A 20-Year Temporal Change Analysis in Incidence, Presenting Phenotype and Mortality, in the Dutch IBDSL Cohort-Can Diagnostic Factors Explain the Increase in IBD Incidence?

Tim R. A. van den Heuvel*, Steven F. G. Jeuring, Maurice P. Zeegers, Dorien H. E. van Dongen, Anouk Wolters, Ad A. M. Masclee, Wim H. Hameeteman, Marielle J. L. Romberg-Camps, Liekele E. Oostenbrug, Marieke J. Pierik, Daisy M. Jonkers

*Corresponding author for this work

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Background: The aim was to study temporal changes in incidence, disease phenotype at diagnosis, and mortality of adult inflammatory bowel disease [IBD] patients in South Limburg, The Netherlands, diagnosed between 1991 and 2010. In addition, the 2010 IBD prevalence was estimated.

Methods: A multi-faceted approach including hospital administrations, the national pathology registry [PALGA], and general practitioners led to the identification of 1162 patients with Crohn's disease [CD], 1663 with ulcerative colitis [UC], and 84 with unclassified IBD [IBD-U]. Temporal changes in incidence, disease phenotype, and mortality were studied using linear, multinomial regression analyses, and standardised mortality rates [SMR], respectively.

Results: The annual incidences increased from 17.90/100000 in 1991 to 40.36/100000 in 2010 for IBD, from 5.84/100000 to 17.49/100000 for CD, and from 11.67/100000 to 21.47/100000 for UC p <0.01 for all]. A shift towards milder disease at diagnosis was observed over time [eg decrease of complicated disease in CD, increase of proctitis in UC]. IBD mortality was similar to that in the general population (SMR 0.92; 95% confidence interval [CI] 0.81-1.05), and did not change over time. The estimated IBD prevalence was 830/100000.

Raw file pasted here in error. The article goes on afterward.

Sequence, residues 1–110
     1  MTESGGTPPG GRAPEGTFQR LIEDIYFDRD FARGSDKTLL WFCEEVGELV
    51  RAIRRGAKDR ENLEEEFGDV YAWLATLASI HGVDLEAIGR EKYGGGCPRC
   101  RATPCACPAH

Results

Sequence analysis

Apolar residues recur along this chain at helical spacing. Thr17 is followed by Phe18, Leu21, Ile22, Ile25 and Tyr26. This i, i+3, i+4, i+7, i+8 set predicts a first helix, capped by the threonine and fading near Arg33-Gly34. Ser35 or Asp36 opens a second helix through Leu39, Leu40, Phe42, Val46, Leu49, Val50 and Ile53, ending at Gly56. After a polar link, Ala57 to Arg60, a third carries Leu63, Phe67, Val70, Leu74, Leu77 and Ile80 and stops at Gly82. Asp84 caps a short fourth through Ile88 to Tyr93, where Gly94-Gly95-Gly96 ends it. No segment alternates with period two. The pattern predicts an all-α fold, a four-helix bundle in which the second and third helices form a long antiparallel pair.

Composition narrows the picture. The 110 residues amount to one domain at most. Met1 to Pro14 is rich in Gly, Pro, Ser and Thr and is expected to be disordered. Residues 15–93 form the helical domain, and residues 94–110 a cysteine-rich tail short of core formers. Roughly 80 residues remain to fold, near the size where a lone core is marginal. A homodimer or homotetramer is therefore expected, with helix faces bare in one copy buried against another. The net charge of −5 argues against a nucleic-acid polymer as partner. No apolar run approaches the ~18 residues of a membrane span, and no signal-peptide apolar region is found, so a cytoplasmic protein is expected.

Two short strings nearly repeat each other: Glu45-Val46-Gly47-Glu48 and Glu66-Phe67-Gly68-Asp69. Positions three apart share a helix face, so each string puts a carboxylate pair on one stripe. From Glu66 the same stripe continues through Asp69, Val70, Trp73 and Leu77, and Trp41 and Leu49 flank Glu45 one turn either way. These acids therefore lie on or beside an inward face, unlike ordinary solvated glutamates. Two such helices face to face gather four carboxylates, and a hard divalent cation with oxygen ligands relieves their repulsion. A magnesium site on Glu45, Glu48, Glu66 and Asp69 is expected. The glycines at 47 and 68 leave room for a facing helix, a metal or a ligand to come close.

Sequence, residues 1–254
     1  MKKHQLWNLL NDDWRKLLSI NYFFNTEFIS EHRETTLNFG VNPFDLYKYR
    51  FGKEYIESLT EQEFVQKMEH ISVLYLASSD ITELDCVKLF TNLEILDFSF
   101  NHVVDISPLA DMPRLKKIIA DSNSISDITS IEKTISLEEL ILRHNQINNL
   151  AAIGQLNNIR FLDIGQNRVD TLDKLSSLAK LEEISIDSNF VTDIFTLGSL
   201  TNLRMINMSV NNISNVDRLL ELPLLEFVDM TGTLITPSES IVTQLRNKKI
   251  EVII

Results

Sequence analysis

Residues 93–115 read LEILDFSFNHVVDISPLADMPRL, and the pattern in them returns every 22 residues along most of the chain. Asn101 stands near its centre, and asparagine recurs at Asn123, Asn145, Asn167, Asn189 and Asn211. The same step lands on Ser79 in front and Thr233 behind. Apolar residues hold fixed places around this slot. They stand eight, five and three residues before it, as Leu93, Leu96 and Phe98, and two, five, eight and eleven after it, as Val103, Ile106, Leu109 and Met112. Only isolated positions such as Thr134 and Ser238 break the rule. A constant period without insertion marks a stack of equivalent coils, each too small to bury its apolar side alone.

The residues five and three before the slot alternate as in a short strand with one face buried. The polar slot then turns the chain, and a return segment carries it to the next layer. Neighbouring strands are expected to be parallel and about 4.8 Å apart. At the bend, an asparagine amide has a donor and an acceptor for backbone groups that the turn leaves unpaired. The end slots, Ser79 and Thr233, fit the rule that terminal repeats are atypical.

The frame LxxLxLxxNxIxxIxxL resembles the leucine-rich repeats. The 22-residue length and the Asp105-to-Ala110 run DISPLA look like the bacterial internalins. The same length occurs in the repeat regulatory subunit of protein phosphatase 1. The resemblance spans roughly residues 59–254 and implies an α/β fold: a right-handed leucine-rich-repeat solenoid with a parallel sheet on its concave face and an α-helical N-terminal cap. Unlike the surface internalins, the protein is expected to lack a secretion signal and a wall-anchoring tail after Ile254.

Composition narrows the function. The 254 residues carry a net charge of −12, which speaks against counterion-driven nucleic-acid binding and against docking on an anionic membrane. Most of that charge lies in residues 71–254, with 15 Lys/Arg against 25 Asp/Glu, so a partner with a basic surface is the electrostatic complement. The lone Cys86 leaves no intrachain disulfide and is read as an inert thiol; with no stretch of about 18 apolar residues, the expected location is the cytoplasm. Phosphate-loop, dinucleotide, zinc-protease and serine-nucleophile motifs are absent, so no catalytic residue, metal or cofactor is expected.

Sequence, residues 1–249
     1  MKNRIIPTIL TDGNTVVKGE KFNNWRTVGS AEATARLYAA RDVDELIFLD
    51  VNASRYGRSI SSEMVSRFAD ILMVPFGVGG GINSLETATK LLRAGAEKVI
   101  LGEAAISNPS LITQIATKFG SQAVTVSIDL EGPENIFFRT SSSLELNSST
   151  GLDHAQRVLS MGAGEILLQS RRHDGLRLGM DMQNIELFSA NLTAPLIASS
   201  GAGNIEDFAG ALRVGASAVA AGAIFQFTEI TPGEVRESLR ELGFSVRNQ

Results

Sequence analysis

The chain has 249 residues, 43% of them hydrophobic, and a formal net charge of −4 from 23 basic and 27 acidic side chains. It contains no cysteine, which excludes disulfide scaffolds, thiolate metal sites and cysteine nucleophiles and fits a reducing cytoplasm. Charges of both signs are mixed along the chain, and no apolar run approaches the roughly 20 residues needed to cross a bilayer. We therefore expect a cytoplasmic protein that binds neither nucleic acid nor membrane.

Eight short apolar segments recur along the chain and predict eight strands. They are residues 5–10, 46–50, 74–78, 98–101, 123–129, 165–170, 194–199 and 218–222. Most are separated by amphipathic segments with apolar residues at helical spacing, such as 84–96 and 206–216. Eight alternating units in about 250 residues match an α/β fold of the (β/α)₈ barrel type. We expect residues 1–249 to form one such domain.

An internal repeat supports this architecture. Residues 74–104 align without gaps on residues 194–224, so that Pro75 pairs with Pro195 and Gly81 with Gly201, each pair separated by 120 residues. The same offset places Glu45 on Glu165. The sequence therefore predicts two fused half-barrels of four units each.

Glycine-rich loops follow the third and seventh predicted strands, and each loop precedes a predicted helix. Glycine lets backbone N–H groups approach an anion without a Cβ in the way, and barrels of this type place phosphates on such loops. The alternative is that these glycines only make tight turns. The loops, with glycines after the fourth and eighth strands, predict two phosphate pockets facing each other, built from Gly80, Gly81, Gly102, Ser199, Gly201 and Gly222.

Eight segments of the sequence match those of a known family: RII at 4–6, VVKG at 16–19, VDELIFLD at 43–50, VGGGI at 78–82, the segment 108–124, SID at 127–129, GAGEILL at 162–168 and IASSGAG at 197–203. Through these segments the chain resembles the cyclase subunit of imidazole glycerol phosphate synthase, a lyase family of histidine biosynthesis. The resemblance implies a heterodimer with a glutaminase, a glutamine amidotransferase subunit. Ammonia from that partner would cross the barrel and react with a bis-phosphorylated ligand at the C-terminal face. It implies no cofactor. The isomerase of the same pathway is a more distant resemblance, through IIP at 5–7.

Conclusions: The IBD incidence in South Limburg increased significantly between 1991 and 2010. The shift towards milder disease at diagnosis in parallel with the improved diagnostics and ability to detect low-grade inflammation was suggestive of an important role of diagnostic factors in this increase. Environmental factors probably played a role as well. The mortality was low and, together with the increasing incidence, led to the high prevalence of IBD in South Limburg.

Original languageEnglish
Pages (from-to)1169-1179
Number of pages11
JournalJournal of Crohn's & Colitis
Issue number10
Publication statusPublished - Oct 2017


  • Inflammatory bowel disease
  • epidemiology
  • time trend

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